Mathematics
OpenStudy (anonymous):

Integrate 1/e^x???

6 years ago
zepdrix (zepdrix):

$\large \int\limits \frac{1}{e^x}dx \quad = \quad \int\limits e^{-x}dx$If you're not sure how to proceed from there, you can always do a u sub. $\large \color{orangered}{u=-x}$$\large \color{royalblue}{-du=dx}$Plugging these in gives us,$\huge \int\limits e^{\color{orangered}{-x}}\color{royalblue}{dx}\qquad \rightarrow \qquad -\int\limits e^{\color{orangered}{u}}\color{royalblue}{du}$

6 years ago
zepdrix (zepdrix):

Eventually you'll get comfortable with integrating exponentials of base e. It's like the chain rule in reverse almost. Like when you would differentiate $$\large e^{3x}$$ you would get an extra factor of 3 right? Well, when you integrate it, you'll divide by that 3 instead.

6 years ago
OpenStudy (anonymous):

its been so long... 12 years since this stuff, its been hard trying to remember. so after integration you would get -e^-x or just -1/e^x?

6 years ago
zepdrix (zepdrix):

Yes, both are correct :)

6 years ago
OpenStudy (anonymous):

and if we were to integrate xe^x, we would do the first times the integral of the second, and the second times the integral of the first?

6 years ago
zepdrix (zepdrix):

No the product rule doesn't quite work the way you might want it to in reverse. We would have to apply what's called Integration by Parts. It's based off of the product rule, but it's a little funky. If you start with the product rule,$\huge (uv)'=u'v+uv'$We'll move some stuff around, giving us,$\huge u'v=(uv)'-uv'$Taking the integral of both sides gives us,$\large \int\limits u'v=uv-\int\limits uv'$The more accurate way to write this would be,$\large \int\limits v \;du=uv-\int\limits u \;dv$ That explanation may have been overkill.... lemme just show you how to do xe^x real quick.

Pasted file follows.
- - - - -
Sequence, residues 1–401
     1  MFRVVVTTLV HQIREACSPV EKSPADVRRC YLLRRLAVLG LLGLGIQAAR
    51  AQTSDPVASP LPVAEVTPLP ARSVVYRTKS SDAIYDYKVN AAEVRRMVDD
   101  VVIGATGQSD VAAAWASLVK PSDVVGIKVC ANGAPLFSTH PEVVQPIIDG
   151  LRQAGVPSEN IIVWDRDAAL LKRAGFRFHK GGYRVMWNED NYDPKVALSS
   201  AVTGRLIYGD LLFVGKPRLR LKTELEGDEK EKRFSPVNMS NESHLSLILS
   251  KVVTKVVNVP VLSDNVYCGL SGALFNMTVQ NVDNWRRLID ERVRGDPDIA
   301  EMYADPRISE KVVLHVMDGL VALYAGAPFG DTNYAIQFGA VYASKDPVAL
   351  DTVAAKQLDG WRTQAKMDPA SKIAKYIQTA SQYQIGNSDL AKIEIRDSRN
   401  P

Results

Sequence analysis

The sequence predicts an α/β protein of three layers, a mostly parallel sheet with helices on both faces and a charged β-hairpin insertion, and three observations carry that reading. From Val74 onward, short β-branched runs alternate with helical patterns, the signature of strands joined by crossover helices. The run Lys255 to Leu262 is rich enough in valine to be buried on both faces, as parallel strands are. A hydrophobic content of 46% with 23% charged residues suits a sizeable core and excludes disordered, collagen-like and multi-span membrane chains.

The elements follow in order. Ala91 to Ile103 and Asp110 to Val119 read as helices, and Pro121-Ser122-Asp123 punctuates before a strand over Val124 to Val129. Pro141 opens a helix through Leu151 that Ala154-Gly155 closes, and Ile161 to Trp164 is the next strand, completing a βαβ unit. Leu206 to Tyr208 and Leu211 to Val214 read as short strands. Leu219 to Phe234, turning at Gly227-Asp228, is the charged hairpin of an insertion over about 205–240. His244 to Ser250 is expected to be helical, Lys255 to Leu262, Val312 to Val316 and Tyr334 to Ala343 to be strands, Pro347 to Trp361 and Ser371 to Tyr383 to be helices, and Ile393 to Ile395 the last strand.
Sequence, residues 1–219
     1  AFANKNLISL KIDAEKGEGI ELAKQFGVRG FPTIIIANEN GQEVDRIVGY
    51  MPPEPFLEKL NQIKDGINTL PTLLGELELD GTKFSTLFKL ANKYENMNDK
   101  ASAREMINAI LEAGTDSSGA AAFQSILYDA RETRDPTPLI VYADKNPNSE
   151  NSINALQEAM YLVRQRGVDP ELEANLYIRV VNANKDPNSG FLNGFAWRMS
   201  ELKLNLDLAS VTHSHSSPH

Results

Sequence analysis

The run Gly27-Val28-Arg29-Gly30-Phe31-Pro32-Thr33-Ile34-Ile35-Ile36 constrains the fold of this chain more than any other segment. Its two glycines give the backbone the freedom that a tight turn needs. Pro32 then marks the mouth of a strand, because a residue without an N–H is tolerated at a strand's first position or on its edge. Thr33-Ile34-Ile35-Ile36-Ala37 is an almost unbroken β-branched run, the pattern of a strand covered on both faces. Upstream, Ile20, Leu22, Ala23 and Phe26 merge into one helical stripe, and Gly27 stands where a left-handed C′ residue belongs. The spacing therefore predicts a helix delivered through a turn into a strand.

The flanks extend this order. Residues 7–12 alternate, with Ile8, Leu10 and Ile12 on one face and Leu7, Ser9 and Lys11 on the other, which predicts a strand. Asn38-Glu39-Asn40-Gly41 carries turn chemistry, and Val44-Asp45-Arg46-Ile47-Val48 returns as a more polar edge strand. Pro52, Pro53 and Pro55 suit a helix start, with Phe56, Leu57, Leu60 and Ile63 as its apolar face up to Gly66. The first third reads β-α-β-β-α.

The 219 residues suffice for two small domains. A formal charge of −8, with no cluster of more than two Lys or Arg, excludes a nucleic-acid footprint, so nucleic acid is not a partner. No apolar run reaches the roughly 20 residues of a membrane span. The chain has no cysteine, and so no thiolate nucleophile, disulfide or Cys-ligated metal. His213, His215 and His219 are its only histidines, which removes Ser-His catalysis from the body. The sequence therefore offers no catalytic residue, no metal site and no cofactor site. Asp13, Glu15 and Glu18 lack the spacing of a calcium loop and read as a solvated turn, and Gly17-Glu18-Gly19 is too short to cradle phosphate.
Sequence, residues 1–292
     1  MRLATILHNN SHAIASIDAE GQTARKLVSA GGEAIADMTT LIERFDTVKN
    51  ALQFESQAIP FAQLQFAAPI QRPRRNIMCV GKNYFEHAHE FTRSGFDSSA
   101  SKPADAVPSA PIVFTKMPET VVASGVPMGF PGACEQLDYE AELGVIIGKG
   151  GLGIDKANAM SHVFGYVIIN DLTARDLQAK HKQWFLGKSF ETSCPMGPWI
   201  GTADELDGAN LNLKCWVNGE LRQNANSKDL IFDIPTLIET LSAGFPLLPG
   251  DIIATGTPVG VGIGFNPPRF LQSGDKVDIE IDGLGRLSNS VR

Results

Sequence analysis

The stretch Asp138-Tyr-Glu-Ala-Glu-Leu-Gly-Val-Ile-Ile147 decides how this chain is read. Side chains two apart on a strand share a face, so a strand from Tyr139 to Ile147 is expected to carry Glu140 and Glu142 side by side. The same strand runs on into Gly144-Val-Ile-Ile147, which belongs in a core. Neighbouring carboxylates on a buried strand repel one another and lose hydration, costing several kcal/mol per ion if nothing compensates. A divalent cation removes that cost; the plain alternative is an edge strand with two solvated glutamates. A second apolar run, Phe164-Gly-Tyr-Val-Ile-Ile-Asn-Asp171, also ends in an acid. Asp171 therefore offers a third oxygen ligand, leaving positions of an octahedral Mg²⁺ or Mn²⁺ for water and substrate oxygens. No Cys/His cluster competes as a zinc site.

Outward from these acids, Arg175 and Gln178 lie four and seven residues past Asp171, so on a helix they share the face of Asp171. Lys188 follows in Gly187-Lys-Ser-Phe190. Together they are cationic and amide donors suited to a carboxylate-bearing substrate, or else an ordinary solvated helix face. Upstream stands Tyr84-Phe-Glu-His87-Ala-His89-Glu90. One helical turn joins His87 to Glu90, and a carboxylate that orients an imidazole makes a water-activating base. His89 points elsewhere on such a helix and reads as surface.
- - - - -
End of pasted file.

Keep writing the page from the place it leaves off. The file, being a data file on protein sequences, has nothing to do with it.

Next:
6 years ago
zepdrix (zepdrix):

Crap I wrote that wrong, it doesn't make a big difference, but this is the way you'll actually see it.$\large \int\limits\limits u \;dv=uv-\int\limits\limits v \;du$

6 years ago
OpenStudy (anonymous):

so -1/2x^2+xe^x-e^x

6 years ago
zepdrix (zepdrix):

$\large \int\limits xe^x\;dx$We'll make a substitution, calling one of these pieces u. The one that we pick for u is the one we want to take a derivative of. If we let x be our u it will end up simplifying the integral, because the x will lower in degree each time we take it's derivative. We'll also assign something to be dv and we'll have to integrate that value. $\large u=x, \qquad dv=e^x\; dx$ We've picked our u and dv. Our formula requires 4 pieces, u du v and dv. So we need to find 2 more variables, du and v. Taking the derivative of our u and integrating our dv gives us, $\large du=dx, \qquad \qquad v=e^x$ Now we'll setup the problem according to the integration by part definition. If this is way tedious then I apologize XD I just don't like giving short explanations lol they seem so insufficient.

6 years ago
zepdrix (zepdrix):

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6 years ago
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